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On a dusty hilltop above the village of Mirebalais, Haiti, Dr. Thelisma Heber treats Haitians sickened by cholera. The patients are triaged within a series of concrete-floored tents. 

Symptoms of diarrhea and vomiting are physically devastating and quickly become life-threatening. The Mirebalais cholera treatment center's concrete floors are hosed and bleached multiple times a day to help control the spread of bacteria.

Wooden frames covered in canvas double as patient cots and toilets. Buckets kept beneath the relief holes complete the set.

Inside the outpatient tent, 5-month-old Abigail Defolk is treated for what Dr. Heber describes as a "mild case" of cholera.

The baby’s mother and grandfather traveled many hours to the treatment center, first by boat and then by car, when Abigail began showing symptoms of cholera.

Infants and the elderly are especially vulnerable to cholera. Life-threatening dehydration can occur within hours of the first symptoms.

The spread of cholera among family members is common in Haiti because of close living quarters and a lack of access to clean water for drinking, cooking, and bathing.

Several hours after drinking multiple doses of a pediatric rehydration fluid, Abigail and her family are nearly ready to begin the journey home. Dr. Heber instructs the family on the importance of continued hydration for the baby as well as hand-washing for the entire family.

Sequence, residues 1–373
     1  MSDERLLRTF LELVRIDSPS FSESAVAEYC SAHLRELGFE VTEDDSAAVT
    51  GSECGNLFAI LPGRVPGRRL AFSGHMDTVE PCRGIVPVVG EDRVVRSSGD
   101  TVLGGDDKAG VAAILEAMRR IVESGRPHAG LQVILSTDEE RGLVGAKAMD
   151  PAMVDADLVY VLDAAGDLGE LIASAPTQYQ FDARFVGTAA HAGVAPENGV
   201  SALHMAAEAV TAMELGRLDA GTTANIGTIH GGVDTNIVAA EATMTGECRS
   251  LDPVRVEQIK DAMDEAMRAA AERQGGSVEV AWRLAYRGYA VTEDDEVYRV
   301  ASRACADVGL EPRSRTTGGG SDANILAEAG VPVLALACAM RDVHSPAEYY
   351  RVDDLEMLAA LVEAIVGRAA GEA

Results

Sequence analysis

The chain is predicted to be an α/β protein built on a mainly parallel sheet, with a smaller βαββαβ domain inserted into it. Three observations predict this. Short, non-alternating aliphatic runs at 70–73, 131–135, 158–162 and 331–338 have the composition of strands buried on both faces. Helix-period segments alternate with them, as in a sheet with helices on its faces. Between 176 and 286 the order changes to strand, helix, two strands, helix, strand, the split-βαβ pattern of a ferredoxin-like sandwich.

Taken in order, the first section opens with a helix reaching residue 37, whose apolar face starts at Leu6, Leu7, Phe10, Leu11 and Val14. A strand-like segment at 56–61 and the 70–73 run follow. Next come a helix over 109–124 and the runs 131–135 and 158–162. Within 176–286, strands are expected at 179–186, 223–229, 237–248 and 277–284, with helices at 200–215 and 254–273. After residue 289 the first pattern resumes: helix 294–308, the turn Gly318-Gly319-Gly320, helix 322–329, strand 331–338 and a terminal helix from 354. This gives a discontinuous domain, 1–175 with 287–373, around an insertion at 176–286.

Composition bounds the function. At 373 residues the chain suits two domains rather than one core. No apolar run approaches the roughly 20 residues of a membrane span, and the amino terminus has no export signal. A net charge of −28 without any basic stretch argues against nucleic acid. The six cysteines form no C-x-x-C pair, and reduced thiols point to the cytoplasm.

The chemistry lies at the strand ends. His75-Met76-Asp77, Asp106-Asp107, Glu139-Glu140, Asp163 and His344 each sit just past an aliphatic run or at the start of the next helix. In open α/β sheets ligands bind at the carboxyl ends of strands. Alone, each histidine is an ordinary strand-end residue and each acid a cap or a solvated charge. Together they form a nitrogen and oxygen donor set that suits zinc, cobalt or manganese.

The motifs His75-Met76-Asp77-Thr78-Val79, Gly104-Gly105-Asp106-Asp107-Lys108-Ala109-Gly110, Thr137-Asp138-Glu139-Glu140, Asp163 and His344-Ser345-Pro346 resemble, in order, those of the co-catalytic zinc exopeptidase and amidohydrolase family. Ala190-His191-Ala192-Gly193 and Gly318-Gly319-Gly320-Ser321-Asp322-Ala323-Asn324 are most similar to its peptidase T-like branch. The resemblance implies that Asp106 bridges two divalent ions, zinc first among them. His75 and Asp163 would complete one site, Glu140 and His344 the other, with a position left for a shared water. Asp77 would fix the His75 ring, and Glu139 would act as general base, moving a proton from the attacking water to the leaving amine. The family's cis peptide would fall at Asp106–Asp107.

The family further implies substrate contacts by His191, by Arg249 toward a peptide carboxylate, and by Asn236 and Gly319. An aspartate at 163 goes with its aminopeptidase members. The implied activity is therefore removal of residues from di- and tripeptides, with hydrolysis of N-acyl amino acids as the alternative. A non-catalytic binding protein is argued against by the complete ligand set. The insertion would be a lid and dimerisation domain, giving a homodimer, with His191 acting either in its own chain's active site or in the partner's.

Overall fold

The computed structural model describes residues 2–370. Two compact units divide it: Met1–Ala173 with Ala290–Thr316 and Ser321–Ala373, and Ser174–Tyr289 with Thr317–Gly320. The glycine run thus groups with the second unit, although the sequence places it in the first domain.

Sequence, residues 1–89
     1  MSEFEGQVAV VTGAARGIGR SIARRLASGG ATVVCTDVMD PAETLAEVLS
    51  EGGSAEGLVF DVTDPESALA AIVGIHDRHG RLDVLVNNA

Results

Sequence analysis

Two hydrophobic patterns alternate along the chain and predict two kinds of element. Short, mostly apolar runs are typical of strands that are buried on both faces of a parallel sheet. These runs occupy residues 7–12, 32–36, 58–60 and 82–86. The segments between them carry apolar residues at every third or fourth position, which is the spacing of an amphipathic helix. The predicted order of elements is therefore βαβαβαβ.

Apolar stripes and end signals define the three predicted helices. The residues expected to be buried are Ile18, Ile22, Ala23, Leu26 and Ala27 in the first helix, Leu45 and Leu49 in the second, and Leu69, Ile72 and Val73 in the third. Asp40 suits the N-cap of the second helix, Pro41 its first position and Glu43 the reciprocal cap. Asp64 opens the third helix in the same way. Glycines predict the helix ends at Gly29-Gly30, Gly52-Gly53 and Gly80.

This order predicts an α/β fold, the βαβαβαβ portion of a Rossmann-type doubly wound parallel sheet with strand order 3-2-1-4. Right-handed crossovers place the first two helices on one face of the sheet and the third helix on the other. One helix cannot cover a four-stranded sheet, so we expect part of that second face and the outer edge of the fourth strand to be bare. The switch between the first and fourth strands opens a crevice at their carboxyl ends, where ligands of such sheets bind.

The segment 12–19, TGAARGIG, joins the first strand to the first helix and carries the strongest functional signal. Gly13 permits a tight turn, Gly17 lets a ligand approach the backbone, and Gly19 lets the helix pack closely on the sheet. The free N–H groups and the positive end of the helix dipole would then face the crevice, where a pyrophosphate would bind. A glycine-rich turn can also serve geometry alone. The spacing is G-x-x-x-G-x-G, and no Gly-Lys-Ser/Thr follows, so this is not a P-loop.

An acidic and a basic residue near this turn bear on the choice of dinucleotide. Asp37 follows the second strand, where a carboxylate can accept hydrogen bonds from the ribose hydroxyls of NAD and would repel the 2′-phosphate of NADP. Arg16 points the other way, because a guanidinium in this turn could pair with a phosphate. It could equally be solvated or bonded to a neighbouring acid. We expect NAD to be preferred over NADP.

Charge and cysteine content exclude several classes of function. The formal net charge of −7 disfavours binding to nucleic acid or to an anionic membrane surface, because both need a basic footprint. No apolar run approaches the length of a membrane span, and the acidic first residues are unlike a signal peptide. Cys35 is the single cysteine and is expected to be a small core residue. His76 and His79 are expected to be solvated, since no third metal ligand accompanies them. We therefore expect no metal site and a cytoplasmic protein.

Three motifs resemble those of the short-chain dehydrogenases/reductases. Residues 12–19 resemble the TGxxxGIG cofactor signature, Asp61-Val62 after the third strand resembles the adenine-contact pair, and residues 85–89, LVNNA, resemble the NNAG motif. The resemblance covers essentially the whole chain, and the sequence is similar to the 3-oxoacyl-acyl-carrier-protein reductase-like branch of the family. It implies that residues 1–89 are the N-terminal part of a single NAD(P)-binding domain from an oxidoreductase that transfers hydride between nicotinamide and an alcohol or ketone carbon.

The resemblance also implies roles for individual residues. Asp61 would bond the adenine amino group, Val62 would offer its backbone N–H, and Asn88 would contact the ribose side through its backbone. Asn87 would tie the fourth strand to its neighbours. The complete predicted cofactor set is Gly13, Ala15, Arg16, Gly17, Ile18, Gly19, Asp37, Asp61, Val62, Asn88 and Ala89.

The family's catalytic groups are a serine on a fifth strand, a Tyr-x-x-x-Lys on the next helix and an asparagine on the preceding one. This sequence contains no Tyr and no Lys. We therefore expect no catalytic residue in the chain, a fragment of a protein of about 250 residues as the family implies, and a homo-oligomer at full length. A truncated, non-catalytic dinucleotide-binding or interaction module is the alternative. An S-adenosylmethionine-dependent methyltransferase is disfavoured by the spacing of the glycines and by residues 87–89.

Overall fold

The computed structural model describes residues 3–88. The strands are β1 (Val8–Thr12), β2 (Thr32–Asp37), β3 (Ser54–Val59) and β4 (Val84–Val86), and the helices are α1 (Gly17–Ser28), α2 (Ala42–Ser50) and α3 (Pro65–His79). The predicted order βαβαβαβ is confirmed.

On a nearby bench, a well-dressed gentleman in a straw hat waits to speak with Dr. Heber. Both of the man’s adult daughters are inpatients at the cholera treatment center.

Moments later, the 63-year-old man collapses. He is admitted to the men’s inpatient unit and immediately placed on intravenous fluids.

Dr. Heber orders tests to confirm that the man’s symptoms are caused by cholera. A curtain separates this patient from the women's unit, where his daughters are also being treated.

Twenty-nine-year-old Carline Philus was admitted to the cholera treatment center a day earlier with fairly serious symptoms of cholera.

After several hours on intravenous fluids, Philus is able to sit up and take food by mouth.

Philus' younger sister rests on the cot just across the tent. She was the first in the family to be admitted.

The most severely affected patients often take longer to bounce back from extreme dehydration. Twenty-four hours after arriving at the Mirebalais cholera treatment center, this young woman continues to suffer.

Haiti's spring rains begin in mid-April. Wet weather brings a sharp increase in waterborne illnesses, such as cholera. With a patient count already significantly higher this year than last, Dr. Heber and the Mirebalais cholera treatment center staff brace themselves for a difficult season.

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